Where do our recreational faculties fit in across the Borough, and what do we want? How are we going to put heart back into areas like Chesterton, Kidsgrove, Knutton? What are our suggestions to be included in the plan?

How do we address pollution, water and environmental air quality issues, as a result of any proposed development or even existing ones? As part of the local plan what do we want included?

Do we want a local policy on heritage, what should it contain? Do we include conservation areas, listed buildings, archaeology? How do we address issues with sites at risk? Do we consider the setting of historic buildings and the wider historic landscape? What measurers are most appropriate to sustain, enhance and avoid harm to the significance of heritage assets?

How do address flood risk measurements in this document? What policies do you want to see to mitigate against residual risk, improved emergency planning and flood awareness?

What recommendations need to be addressed with regard to our adopted Open space strategy and green infrastructure strategy? How do we want to manage our land? What do we want to see as part of open space provision in new developments?

Transport Network. What do we want to see included with regard to electric charging points? Is a policy required to contain the best approach to effectively promoting sustainable transport? Should anticipated parking standards be included, should the role of key routes and motorway networks within the borough be made explicit?

Finally, what would you like to see in a plan on renewable energy, for example should large developments be expected to provide a certain proportion of its energy via renewable or low carbon technology? What other carbon reducing measures do we want as a party?

Enough here to think about! As I said earlier please look at the entire document to get a better idea and please do respond to the consultation in the Autumn.

Marion Reddish.

Liberal Democrat Councillor in Newcastle.

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Will this Conservative government lead us into a fairer society? August 2021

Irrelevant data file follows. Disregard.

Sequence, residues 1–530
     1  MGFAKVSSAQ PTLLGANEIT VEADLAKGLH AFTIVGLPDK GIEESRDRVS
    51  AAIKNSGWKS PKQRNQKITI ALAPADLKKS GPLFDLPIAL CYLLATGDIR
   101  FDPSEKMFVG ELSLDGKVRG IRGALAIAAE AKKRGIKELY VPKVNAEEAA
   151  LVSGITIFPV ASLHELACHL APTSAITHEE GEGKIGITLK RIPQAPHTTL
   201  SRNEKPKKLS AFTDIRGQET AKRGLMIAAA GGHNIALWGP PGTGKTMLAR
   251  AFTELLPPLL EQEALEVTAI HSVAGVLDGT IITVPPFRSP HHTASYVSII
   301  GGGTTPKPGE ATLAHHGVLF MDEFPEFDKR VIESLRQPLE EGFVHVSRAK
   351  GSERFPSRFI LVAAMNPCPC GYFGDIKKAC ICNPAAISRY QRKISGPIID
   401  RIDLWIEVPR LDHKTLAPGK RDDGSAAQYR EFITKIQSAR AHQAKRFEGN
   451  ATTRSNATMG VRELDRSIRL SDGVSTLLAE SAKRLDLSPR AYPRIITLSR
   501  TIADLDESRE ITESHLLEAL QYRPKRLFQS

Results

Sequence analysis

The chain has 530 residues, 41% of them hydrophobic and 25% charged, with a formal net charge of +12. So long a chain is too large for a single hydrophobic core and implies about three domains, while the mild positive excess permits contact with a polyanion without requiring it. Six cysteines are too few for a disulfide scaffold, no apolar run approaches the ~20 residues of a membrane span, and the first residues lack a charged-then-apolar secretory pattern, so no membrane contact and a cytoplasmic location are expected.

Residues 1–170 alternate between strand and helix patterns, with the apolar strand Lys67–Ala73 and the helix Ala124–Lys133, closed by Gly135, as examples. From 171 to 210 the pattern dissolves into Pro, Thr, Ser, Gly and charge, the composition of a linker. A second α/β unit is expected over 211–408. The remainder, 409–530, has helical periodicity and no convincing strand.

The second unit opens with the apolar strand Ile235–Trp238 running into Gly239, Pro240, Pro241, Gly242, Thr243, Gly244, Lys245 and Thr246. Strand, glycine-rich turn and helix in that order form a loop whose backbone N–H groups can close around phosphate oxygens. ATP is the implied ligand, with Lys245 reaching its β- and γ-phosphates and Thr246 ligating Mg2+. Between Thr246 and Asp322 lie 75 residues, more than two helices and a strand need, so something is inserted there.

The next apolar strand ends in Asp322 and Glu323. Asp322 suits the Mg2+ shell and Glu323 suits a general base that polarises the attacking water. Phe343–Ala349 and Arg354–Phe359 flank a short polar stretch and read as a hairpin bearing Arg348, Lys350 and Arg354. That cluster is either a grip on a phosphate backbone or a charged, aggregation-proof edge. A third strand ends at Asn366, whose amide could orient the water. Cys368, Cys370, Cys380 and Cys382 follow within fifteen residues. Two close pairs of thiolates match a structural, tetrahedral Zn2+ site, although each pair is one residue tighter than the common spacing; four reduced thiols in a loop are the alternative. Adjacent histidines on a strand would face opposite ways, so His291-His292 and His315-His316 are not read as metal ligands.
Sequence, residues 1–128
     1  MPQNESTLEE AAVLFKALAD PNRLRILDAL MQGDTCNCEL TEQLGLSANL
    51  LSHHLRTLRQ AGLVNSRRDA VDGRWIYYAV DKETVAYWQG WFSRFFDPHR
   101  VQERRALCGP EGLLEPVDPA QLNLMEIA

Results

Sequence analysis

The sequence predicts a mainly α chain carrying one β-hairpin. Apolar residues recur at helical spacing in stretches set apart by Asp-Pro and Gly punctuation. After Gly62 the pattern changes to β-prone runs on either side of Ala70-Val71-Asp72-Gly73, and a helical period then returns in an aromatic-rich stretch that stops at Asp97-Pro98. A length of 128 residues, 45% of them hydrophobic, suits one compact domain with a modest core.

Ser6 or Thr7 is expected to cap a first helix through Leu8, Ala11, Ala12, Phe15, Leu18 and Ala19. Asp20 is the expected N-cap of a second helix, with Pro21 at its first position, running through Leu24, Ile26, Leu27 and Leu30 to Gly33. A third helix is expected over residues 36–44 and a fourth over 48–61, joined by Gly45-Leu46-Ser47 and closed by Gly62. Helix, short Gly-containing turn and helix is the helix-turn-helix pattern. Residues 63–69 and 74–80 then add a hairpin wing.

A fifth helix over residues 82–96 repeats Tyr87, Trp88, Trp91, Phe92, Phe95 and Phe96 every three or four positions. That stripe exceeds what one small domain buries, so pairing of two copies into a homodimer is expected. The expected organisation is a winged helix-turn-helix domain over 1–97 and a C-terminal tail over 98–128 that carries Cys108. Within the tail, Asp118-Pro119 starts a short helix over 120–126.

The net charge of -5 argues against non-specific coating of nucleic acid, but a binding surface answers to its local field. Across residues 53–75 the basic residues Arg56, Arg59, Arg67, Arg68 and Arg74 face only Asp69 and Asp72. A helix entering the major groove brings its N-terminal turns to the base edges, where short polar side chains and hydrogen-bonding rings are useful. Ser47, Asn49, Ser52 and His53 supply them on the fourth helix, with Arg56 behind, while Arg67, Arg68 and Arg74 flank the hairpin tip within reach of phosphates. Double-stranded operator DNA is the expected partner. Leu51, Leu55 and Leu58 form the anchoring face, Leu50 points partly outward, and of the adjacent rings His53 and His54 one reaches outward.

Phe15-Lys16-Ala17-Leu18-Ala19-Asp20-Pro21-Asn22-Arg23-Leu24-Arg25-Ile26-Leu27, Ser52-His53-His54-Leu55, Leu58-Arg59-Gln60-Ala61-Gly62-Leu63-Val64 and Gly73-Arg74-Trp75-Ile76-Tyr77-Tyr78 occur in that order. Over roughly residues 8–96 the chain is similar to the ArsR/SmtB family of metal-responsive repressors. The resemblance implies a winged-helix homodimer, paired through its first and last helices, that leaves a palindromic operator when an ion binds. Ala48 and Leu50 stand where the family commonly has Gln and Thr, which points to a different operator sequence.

Talk of levelling up and supporting our schools is talking the talk and far from walking the walk.

Jonathan Gullis, Conservative MP for Stoke North, has written about the good work being done by a local charity, the Hubb Foundation, providing food and activities for children in school holidays.  He presents this as if he and the government are supporting people.  He says nothing about why these children need this help, because this government is not interested in structural changes that will redistribute wealth. Recently in Newcastle under Lyme, the Alice Charity was reported being sad about the growth in demand for their work to help families. The Trussell Trust reported 74% rise in food parcels in the year before the pandemic took hold and keeps saying they want  “a UK without the need for food banks”. On behalf of Church Action on Poverty, a group of 4 academics spent three years researching “Life on the Breadline” and concluded this year that charities “should not simply fill the gap but encourage policy to develop structural reforms”. An all-party charity called ‘Feeding Britain’ has called for “systemic change to eliminate hunger in the UK”.

With cuts to Universal Credit, increases in fuel costs, increases in other prices (due to Brexit and Covid), and inadequate government support for affordable rented accommodation, this government’s policies are making matters worse.

Conservative MPs all voted against a motion to provide for children in school holidays; they correctly say “it is the role of the school to educate, not to be the welfare state”, yet are not in favour of proper welfare.  In spite of Boris’ words, this government has still to provide properly for better youth services, just one of many factors causing lack of achievement in school by some of our children. One report (as well as 2 others) in 2019 by the National Institute of Economic and Social Research said that factors outside the school account for nearly 90% of the lack of achievement of pupils. So when are we going to get the systemic change to prevent children from living in poverty and under-achieving  in our schools ?

Nigel Jones (August 2021)